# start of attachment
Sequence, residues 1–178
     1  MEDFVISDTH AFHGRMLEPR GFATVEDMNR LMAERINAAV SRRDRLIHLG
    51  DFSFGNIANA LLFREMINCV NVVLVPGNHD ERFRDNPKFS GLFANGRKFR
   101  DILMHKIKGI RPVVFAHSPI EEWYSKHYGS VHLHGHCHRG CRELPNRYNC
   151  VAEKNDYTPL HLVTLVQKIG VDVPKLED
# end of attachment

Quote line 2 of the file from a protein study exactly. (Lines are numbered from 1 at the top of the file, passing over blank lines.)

     1  MEDFVISDTH AFHGRMLEPR GFATVEDMNR LMAERINAAV SRRDRLIHLG